I Am

asphalt-communication-commuter-221310

In current times it’s inevitable that some of my posts will veer into politics.

With the surreal event taking place in Singapore at present I can’t resist passing comment on how our egos interfere with our effectiveness.

Safe to say if you’re reading this blog your ego is nowhere near the issue it is for the two men meeting in Singapore (which will be like Cage Fighting in suits with no physical contact).

However, we all have egos and they both serve and hinder us.

When you see things upside down, the ego can be extraordinarily funny; it’s absurd. But it’s tragic at the same time.

Alejandro Gonzalez Inarritu

If we carefully observe ourselves we’ll see our ego interfere with our lives on a constant basis, sometimes for good, but also to the detriment of doing the right or best thing:

  • When we feel embarrassed – resulting in inaction when action is what is required.
  • When we fail to acknowledge somebody –  because we’re either a tiny bit underwhelmed or a whole lot jealous, or mostly because we are too full of our own importance.
  • When we do something we know is ‘not right’ – because it’s what we said we would do and can’t deal with our imagined ignominy in changing our course.
  • When we lose focus on a conversation – because no one is listening to us (possibly because their egos are working overtime too, or, simply we are a bore).
  • When we interject (my own personal Achilles) – because our ego can’t wait to show ours is bigger, brighter, funnier or more important (yeah right).

Though we may sigh in despair about the events unfolding and the painful rhetoric which will follow, we also need to take a moment to listen to and observe our own ego.

Imagine life if we trained our ego to understand what a good time can be – where it considered not just you but for those around you.

We need to both feed and nurture our ego but at all times be aware it’s with us.

Even if it’s not raging like some of the more public ego’s we see today, we need to actively manage our ego’s impact on ourselves and those around us. It’s a constant work in progress.

Where do you see the biggest impact of ego – either personally or from others?

What can we do to turn this ‘force’ to positive use?

 

Dance like no-one is watching

Tensions
Making choices to do new things

This graphic is a simple illustration of why some things never see the light of day.

The return to my blog while not “new” is a new beginning. It is a true reflection of the tension illustrated here.

We can spend much of time answering questions that haven’t been asked or answered other than inside of our own heads:

why

Why do this?  Will anybody follow or benefit?

…and the answer to almost all of these types of questions – is that other than yourself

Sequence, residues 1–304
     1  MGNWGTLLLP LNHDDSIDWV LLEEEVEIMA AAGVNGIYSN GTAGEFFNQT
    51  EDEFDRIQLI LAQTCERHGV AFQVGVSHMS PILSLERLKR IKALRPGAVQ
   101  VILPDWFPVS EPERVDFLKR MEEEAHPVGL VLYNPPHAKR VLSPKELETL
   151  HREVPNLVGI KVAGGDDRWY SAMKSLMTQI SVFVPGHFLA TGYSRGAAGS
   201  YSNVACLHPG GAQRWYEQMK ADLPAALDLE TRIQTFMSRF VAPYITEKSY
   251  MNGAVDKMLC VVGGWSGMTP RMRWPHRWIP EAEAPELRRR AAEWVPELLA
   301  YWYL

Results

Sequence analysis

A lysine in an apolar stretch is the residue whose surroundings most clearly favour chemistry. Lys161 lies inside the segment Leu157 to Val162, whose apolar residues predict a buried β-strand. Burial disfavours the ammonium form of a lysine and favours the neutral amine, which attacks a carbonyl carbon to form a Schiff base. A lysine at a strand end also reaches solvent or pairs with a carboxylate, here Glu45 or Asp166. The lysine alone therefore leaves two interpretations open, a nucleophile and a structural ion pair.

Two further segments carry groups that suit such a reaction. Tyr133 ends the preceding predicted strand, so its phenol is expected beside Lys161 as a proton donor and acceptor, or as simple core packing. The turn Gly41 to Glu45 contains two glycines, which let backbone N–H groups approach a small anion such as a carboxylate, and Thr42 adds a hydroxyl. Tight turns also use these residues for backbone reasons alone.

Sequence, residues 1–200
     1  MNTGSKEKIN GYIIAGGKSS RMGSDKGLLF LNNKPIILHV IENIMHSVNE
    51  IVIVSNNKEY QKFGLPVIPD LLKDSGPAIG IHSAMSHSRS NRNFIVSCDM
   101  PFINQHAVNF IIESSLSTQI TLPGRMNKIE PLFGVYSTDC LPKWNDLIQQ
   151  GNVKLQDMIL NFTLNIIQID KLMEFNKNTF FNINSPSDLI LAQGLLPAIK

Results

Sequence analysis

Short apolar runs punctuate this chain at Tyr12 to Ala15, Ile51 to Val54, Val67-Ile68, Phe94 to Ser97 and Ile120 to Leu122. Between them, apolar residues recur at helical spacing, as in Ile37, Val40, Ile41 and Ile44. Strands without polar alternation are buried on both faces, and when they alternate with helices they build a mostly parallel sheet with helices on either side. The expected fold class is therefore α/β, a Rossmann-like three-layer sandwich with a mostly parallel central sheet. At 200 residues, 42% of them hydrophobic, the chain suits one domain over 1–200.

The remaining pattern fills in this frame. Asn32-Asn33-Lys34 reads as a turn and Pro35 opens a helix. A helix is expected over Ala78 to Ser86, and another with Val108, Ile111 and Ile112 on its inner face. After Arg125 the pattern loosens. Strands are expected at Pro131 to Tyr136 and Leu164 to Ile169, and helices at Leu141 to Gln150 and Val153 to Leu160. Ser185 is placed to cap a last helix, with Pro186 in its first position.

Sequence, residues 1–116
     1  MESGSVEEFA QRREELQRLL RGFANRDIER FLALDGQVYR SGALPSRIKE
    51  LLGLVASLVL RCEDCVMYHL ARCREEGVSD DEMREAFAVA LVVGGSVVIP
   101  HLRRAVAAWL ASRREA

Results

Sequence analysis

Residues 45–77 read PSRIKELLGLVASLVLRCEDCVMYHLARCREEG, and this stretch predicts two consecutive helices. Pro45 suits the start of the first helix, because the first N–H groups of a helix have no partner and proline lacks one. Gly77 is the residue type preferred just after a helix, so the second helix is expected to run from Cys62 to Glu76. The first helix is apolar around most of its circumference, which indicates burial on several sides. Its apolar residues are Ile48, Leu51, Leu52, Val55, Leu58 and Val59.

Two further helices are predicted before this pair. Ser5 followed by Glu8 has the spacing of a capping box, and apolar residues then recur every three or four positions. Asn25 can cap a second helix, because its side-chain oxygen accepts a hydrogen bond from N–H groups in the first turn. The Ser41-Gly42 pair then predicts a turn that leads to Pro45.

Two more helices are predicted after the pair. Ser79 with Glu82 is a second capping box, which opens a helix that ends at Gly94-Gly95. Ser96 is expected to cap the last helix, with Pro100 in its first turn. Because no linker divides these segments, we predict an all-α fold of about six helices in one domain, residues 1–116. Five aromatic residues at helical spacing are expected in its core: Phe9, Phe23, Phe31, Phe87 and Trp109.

“Who cares?”

  • If you’re not doing it, nothing is happening.
  • If it’s not out there, nobody is judging you, nobody is looking.
  • If you’re not speaking with an independent voice, then how are you relevant?

To paraphrase Seth Godin – don’t keep waiting for the perfect horse on the carousel – just get on they are all going to the same place.

So here I am.

I’ll be reflecting on many things, and hopefully doing it in a way that reflects an attitude of dancing like nobody is watching.

I will be dipping into:

  • How and why we change
  • What we say and how we say it
  • How we respond and how we react
  • What blindsides us and what truly motivates us
  • Assumptions we make
  • Things we fail to challenge, and those that we do
  • Challenges we fail to take and those that we choose to pursue

I beleive:

  • That we care more deeply about each other than most of us care to or know how to express.
  • That community is at the core of humanity.
  • That we all wish for a better world – the world that we share, but at present not so well.

I hope to bring something to that discussion

My primary motivation is that this blog may change somebody’s life for the better – bring more clarity, more insight, and more reflection at a time when they need it, now or in the future. I also hope people will use this to look back and reflect on their own experiences and take the learning forward.

Being a father of 2 wonderful daughters this also serves as a capsule for them to understand me and perhaps even themselves better in years to come when I can’t be around to explain myself.

I’m on this blog knowing that it makes me more real, more vulnerable, more reflective and considerate.

Thank you for giving me your time.

Richard

The Complicator

Complicated

A good friend and colleague of mine introduced a wonderful new term to my vocabulary – The Complicator.

I see them in many many places now, and I wish I had this cue to spot them earlier.

Generally I confused them with Chicken Little – people who always thought the sky was about to fall and couldn’t see the upside of anything.

Complicators however are a little more insidious and beguiling. They constantly complain but at the same time they seem to move things forward. You admire the effort, and say to yourself

“Wow in spite of all those problems they made progress, good on them”.

And that is it, they’ve got you. hook line ( that’s a tangled line, and not as strong as it should be, and by the way the hook is made of the wrong metal, and not really appropriate for catching those kind of fish) and sinker (it should be heavier, but we found a way around it, modified it, talked to the design department, rang the supplier, then the sea was drained of all the water so it didn’t matter anyway).

You get the point.

I like to keep things simple, minimise the drama, focus on the outcome and not embellish the journey. Complicators do just the opposite. If you asked them to go to the corner dairy to get some pens for the office the story would go like this:

“That Dairy is hardly ever open (you know it is right now), the last time I went they were working on the footpath outside (3 months ago), damn what time does my favourite program begin…

They want you to say “Hey look it’s alright I’ll go…” to which they reply

“No, no, its fine, be back shortly”

That’s the game. Eric Berne describes them well in his book Games People Play.

So my question is – what the hell do you do?

My thoughts:

No, can’t print that one. Lets try another…

Give them an out for their plea’s for attention

Say “No I’ve heard that already what has changed?”

Say “Yep you told me that so what do you plan to do about it?

Say “Hey, it’s great you recognise the problems, it’s also great you know how to solve them. What I want to hear are the solutions”

All the other options involve weapons, cars, buses and combustible materials.

Have a great day, I’ll struggle to get through mine because, because, because….

I was taught by the woman who cleared my table

Travelling recently reminded me very much about my post on “Where you belong”.